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As the Wu-tang Clan would say, “cash ruled everything around me” a few years ago when I was knee deep in house repairs! What did I do when I found myself in a bind? I welcomed some good old predatory lending also known as the payday loan and his cousin, the triple-digit interest rate! To this day, I can’t believe that I was caught up in that unnecessary tidal wave. I’m just going to be blunt and transparent: STOP THIS CYCLE NOW! This is the biggest rat trap and the most difficult one to escape from. The sad part about this is that it is designed to be that way. Essentially, there is no way out for some people. I am so glad that I found a way out, and so can you. It depends on how uncomfortable you are willing to get. Many people are under the impression that this predatory lending only effects poor or underprivileged people, NOT! It affected the middle class also during the housing crisis and the recession. I made enough money, always have.  It’s called mismanagement.

Lenders claim that these loans are designed to help people who are in the middle of a crisis, unforeseen incident, or an emergency of some sort. Unless you are near death, it’s probably not an emergency. When you own a home, a car, or any kind of property, expect things to break down or malfunction from time to time.  Guess what, shit happens. Start an emergency savings account now!

You have to be employed to be considered for this nonsense. Work over-time to build your savings account if the hours are available. If not, you may have to do something radical like applying for a part-time job anywhere to aggressively pay off the debt. I’d rather you sell things that you don’t need as opposed to selling your soul to these lenders.

A recent article posted in the New York Times states that the Consumer Financial Protection Bureau imposed tough new restrictions on so-called payday lending. The article further states that the industry is vast and operators are making $46 billion a year and collecting $7 billion in fees! Often times, borrowers are unable to pay the loans which will cause the interest rate to skyrocket as if it wasn’t already expensive.  Under the new rules, customers are restricted on how much they can borrow and outstanding loans must be paid off before borrowing money again. Let’s hear it for new regulations!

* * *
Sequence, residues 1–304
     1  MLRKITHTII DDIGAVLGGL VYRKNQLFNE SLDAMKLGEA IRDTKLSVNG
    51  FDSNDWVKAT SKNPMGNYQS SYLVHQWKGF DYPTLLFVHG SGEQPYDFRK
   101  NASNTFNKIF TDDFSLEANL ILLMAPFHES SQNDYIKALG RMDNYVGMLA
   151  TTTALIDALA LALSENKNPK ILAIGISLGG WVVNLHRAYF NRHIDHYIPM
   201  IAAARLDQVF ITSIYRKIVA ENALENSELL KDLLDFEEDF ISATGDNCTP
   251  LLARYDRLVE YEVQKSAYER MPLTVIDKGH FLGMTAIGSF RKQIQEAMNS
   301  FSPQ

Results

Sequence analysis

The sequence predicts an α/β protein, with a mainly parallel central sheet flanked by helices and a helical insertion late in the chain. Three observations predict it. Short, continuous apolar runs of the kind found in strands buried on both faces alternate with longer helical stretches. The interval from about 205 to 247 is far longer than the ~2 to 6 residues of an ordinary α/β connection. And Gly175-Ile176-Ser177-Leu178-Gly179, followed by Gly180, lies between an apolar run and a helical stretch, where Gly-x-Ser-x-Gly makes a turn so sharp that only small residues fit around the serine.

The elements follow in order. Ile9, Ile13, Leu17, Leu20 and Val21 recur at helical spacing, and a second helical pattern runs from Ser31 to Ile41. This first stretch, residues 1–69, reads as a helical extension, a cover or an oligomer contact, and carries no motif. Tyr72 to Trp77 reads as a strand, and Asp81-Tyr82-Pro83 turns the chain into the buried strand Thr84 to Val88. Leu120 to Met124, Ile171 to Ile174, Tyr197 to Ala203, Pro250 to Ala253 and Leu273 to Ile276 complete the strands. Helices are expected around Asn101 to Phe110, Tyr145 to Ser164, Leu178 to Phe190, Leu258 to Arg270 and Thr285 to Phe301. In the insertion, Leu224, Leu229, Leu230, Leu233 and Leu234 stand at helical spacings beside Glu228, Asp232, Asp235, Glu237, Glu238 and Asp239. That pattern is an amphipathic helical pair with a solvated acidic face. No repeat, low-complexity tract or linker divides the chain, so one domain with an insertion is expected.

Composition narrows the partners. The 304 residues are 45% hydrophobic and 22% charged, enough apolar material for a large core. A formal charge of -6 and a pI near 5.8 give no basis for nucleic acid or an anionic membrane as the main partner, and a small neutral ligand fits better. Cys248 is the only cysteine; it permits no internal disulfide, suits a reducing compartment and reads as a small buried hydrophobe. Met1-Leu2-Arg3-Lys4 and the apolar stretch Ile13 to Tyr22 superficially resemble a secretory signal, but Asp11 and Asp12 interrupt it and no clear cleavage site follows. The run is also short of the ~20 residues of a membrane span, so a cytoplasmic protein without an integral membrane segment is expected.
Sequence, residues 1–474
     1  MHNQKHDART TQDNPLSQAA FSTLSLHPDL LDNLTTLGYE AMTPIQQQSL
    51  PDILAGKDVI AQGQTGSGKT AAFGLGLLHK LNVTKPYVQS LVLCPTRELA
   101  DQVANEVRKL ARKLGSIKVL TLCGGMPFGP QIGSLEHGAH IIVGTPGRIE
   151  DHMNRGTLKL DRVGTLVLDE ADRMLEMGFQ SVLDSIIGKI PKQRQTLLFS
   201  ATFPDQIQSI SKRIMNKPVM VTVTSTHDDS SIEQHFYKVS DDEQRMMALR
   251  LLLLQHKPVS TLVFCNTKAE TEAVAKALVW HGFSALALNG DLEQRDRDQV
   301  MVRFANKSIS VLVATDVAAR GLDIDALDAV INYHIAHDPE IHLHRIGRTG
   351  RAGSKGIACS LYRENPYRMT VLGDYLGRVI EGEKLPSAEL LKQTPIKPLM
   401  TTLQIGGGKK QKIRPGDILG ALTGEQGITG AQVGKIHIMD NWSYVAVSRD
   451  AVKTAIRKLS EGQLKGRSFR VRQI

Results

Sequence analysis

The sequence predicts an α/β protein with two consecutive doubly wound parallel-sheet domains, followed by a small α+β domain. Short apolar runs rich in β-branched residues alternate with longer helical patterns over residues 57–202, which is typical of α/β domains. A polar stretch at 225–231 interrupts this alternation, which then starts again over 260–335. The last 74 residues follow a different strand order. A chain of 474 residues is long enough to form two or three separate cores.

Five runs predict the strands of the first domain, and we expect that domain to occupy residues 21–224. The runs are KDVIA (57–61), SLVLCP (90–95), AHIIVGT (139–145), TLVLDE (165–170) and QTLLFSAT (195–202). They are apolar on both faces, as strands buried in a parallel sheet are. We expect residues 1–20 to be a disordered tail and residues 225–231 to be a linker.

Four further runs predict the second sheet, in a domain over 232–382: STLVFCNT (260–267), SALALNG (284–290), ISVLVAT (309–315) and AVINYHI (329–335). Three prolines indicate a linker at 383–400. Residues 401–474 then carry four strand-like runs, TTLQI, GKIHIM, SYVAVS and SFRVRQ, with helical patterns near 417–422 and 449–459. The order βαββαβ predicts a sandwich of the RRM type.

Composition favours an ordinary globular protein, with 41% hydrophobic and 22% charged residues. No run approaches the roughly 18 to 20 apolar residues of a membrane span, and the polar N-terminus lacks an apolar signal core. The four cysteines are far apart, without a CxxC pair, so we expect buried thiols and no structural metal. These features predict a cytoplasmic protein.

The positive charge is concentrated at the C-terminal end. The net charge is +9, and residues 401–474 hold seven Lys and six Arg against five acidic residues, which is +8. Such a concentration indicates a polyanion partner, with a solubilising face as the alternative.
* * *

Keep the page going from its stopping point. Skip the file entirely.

Readers, please think twice before you jump in this fire pit. Take it from someone who has been there, done that, and will never have to do that again! Do you know anyone who is caught up in the mess? If so, give them some advice on how to get out!  By the way, Christmas shopping is not an emergency. Don’t buy things on Black Friday just because it’s on sale.

Check out the books below if you need help with managing your money. I read them! Books make wonderful Christmas gifts!


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  1. The first time I ever heard of payday loans was in a HS course. I will never forget the big fat “don’t do it” sign in my facilitator’s economics room. Thanks for sharing your experience. I bet many people can learn from it!

  2. I totally agree. I work as a mental health counselor and see so many clients get sucked into this nightmare out of desperation. It really is sad. Thanks for your information!

  3. Thank you for sharing your experience, I have been brought up in an environment where i have been taught to only work with your own money and never fall for these low interest loan opportunities etc. I have literally seen flourishing businesses doom because they took loans and not able to meet there payments.

  4. I have luckily never fell into this trap! I have one emergency credit card I use for my “emergency” repairs that exceed my savings funds. I am aggressively paying student loans so my savings fund is a bit smaller than I would like so I take the “Gamble” and keep the credit card for things that pop up. I then pay that off before proceeding with my school loans. Usually my $700 savings is enough to cover these repairs (I rent) so the only thing I would have as an emergency is my car.

    1. I rent now also and I need to move to pay less. I pay student loans under an income driven /public service loan forgiveness plan. What plan are you enrolled in and what is aggressive for you? I need some tips😂.

  5. Wow, these are some unfathomable figures that you have revealed. I personally avoid low interest loans because they have so many loopholes attached that you won’t even know where your money went.

  6. This is really helpful insight. Lenders are the biggest advantage takers I know. They tend to “help” you when you are down and in need, and then once you accepted that help, you are trap.

  7. That is crazy $7 billion in fee’s, wow! Some people don’t have much of a choice but to get help this way. I can’t stop thinking.. $7 billion.. that’s just so sad.

  8. I have a friend who did one of these loans. Her lights had been cut off. I didn’t know or I would have helped her. She didn’t tell me. These people hounded her about payments. I think they start calling you the very next morning if you don’t show up on the day of the payment. And they would call several times a day.

  9. What you say is so true, rather save up a bit than going through loans I’m paying a loan and it’s sucking me dry. Thanks for the sight and interesting blog.

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